Accessibility Tools

  • Content scaling 100%
  • Font size 100%
  • Line height 100%
  • Letter spacing 100%

Brenda Niall

Brenda Niall

Brenda Niall’s writing career began during her time as an academic at Monash University, where she was Reader in the Department of English. Since 1995 she has been writing full time. Her books include award-winning biographies Martin Boyd: A Life (1988), Georgiana (1995), The Boyds (2002), Judy Cassab (2005), and a memoir, Life Class (2007). Her book The Riddle of Father Hackett was shortlisted for the 2010 Magarey Medal for Biography. She is a frequent reviewer for The Age and ABR, and has been a guest at the Melbourne, Sydney, Adelaide, Brisbane, and Byron Bay literary festivals. In 2004 she was awarded an AO for services to Australian Literature. Her most recent books are My Accidental Career (2022), Can You Hear the Sea? My grandmother's story (2018) and  Friends and Rivals: Ethel Turner, Barbara Baynton, Henry Handel Richardson and Nettie Palmer (2020). 

Brenda Niall reviews ‘Ian Potter: A biography’ by Peter Yule

August 2006, no. 283 01 August 2006
‘The very rich are different from you and me’, F. Scott Fitzgerald thought; and so he told Ernest Hemingway. Hemingway, who came back with a deflating reply, ‘Yes, they have more money’, boasted that he had won that little exchange. Yet Fitzgerald was right; and he proved it in The Great Gatsby and Tender is the Night. In the American novel more generally, money creates and defines charact ... (read more)

Brenda Niall reviews 'How to do Biography: A primer' by Nigel Hamilton

July–August 2008, no. 303 01 July 2008
In 1964, newly appointed to the Department of English at the very new Monash University, I was uncertain about nearly everything. But as I unpacked my books in a pristine, sparsely furnished office, I found reassurance in the empty filing cabinet. I knew exactly how to fill its three drawers. As soon as I had some notes and a stack of manila folders, I would put poetry in the top drawer, fiction i ... (read more)

Brenda Niall reviews 'The Many Lives of Kenneth Myer' by Sue Ebury

December 2008–January 2009, no. 307 01 December 2008
What if Kenneth Myer, not Sir John Kerr, had been Australia’s governor-general in 1975? There would still have been storms in Canberra, but no intervention, no Dismissal. Readers of Sue Ebury’s fascinating biography of Myer (1921–92) may be tempted to play the ‘what if’ game, speculating on how Gough Whitlam might have used a full second term as prime minister. ... (read more)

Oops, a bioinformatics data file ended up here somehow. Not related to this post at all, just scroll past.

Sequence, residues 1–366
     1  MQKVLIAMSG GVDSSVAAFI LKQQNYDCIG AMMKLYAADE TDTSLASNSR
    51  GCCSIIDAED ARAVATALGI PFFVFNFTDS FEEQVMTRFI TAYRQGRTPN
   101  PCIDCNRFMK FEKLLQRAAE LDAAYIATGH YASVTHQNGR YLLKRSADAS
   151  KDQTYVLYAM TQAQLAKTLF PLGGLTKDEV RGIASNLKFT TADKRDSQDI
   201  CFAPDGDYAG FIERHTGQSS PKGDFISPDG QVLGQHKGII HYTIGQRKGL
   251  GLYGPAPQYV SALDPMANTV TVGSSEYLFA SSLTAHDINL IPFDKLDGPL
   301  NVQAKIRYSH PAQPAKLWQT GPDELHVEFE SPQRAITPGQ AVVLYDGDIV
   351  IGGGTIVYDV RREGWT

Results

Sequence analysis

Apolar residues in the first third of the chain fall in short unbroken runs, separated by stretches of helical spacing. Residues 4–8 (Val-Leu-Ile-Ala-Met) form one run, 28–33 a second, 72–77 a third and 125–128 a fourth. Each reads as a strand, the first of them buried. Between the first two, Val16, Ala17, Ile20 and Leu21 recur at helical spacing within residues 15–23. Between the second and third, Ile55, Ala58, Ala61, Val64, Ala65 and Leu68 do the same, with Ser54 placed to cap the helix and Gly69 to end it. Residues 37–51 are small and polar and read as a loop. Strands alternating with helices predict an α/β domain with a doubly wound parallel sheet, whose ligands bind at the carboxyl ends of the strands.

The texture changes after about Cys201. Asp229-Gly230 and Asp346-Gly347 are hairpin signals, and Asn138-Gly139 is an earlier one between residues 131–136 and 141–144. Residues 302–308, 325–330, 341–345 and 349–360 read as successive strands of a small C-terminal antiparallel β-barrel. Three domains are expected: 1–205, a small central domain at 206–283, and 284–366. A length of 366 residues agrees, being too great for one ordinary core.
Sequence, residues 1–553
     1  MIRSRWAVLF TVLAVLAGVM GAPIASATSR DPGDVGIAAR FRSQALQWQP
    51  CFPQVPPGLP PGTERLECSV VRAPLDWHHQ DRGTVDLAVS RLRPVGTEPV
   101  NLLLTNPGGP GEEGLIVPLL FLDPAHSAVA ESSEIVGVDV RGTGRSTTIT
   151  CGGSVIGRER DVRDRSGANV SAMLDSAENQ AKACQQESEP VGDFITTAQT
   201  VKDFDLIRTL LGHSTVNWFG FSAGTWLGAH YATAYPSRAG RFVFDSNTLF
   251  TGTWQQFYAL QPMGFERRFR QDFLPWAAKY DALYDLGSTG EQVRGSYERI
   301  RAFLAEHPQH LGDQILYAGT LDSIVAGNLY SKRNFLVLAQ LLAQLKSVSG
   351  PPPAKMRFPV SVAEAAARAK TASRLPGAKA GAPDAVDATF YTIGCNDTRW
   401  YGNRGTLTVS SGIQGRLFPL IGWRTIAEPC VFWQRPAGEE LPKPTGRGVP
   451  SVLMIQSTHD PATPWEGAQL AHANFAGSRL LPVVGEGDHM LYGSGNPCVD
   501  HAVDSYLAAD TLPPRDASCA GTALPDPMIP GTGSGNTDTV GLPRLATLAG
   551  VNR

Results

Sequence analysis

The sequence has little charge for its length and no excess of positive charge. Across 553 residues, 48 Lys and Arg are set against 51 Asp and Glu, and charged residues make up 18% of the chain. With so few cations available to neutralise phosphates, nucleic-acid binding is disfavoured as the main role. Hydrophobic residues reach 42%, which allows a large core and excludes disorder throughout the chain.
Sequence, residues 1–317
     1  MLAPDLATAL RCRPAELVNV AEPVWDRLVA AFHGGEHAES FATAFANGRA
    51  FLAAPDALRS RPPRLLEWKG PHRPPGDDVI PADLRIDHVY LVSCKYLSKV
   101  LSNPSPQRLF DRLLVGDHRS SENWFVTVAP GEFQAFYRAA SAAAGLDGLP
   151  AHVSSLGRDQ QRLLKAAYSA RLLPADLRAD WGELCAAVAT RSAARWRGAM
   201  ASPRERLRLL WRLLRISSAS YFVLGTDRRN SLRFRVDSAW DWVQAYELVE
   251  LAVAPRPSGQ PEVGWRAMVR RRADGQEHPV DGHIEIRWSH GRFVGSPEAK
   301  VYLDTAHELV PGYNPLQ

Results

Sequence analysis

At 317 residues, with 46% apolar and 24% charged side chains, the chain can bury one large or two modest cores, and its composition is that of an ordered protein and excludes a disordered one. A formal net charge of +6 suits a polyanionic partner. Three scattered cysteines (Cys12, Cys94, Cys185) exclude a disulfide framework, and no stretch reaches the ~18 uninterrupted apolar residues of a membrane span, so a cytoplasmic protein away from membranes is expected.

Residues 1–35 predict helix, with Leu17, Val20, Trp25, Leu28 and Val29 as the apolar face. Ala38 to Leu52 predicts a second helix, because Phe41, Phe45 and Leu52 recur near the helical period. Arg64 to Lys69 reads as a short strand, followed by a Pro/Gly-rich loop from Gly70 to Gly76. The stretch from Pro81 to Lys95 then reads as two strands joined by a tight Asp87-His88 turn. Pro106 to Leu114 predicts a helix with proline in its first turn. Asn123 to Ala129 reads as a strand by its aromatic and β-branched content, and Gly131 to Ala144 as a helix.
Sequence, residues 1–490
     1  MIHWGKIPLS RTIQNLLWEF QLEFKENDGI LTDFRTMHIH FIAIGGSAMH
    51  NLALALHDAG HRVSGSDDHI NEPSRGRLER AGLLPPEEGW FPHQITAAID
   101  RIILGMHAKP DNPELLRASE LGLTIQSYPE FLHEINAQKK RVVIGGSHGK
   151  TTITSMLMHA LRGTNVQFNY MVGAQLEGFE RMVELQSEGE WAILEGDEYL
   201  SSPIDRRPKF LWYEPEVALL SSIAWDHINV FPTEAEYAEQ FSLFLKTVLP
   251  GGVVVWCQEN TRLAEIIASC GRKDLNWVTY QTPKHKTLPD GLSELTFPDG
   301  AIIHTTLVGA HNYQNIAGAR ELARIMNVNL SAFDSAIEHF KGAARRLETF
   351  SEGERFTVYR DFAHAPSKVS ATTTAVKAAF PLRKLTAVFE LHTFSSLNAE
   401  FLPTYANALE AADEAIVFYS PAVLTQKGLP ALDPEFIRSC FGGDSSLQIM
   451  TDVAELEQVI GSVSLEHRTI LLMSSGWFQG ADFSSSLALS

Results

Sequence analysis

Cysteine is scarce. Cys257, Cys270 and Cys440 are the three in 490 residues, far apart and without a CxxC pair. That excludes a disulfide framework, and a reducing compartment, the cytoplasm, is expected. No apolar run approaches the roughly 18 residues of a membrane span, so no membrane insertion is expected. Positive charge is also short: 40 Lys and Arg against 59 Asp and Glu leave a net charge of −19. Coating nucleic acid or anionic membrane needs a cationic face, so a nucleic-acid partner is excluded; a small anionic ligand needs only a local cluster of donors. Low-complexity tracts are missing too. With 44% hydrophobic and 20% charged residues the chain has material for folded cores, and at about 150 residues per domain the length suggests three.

Brenda Niall reviews 'The Cambridge Companion to Children's Literature' edited by M.O. Grenby and Andrea Immel

July–August 2010, no. 323 01 July 2010
Prepare to be affronted, or perhaps just a bit miffed. Although it does not confine itself to works by British writers, you will look in vain for Australian authors in the new Cambridge Companion to Children’s Literature. Among many titles from the United States, Little Women gets its due, as does Little House on the Prairie. Canada’s Anne of Green Gables is there, and so is Salman Rushdie’s ... (read more)

Brenda Niall reviews 'A Maker of Books: Alec Bolton and his Brindabella Press' by Michael Richards

March 2023, no. 451 23 February 2023
'I hear that those new people have decided to have books in their library,’ remarked Edith Wharton disdainfully. That put-down, from an eminent novelist and book lover who was also a wealthy member of upper-class New York society, was delivered without ambiguity in the 1920s. The ‘new people’ were using books as interior decoration. They would never disturb the display of handsome volumes in ... (read more)

Brenda Niall reviews 'After Fire: A biography of Clifton Pugh' by Sally Morrison

February 2010, no. 318 29 September 2022
Think of John Brack, or Fred Williams, and without effort or prompting a painting will come to mind. These names conjure up Brack’s urban figures with their blank yet expressive faces, or Williams’ minimalist landscapes. Instantly recognisable, they could have been painted by no one else. Yet their makers have never been celebrities. Brack’s Collins St, 5p.m. is more widely known than Brack ... (read more)

Brenda Niall reviews 'In the Half-Light' edited by Jacqueline Kent

August 1988, no. 103 24 August 2022
Telling one’s own story comes naturally: we are all in some sense autobiographers. There is nothing new in the urge to seek a pattern in a life while living it, to advertise an ego, to explain, confess, justify, understand – or simply to say ‘I was there’. What is new is the comparative ease with which the urge can be accommodated and the ‘self-life’ made into text. The current intere ... (read more)

Brenda Niall reviews 'Dear Prime Minister: Letters to Robert Menzies, 1949–1966' by Martyn Lyons

January–February 2022, no. 439 20 December 2021
Letter writing thrives on distance. Out of necessity, in the early years of European settlement, Australia became a nation of letter writers. The remoteness of the island continent gave the letter a special importance. Even those unused to writing had so much to say, and such a strong need to hear from home, that the laborious business of pen and ink and the struggles with spelling were overcome. ... (read more)

Brenda Niall reviews 'Into the Wadi' by Michèle Drouart

April 2000, no. 219 01 April 2000
‘I remember only peripheries, not centres,’ Michèle Drouan says in her memoir of marriage to a Jordanian and life with his family in a village near Jordan’s borders with Syria and Lebanon. Her perspective is deliberately oblique. Elegantly shaped, and or the most part gracefully written, her story bypasses the obvious cultural divisions. Political, religious, and sexual tensions are given m ... (read more)
Page 1 of 4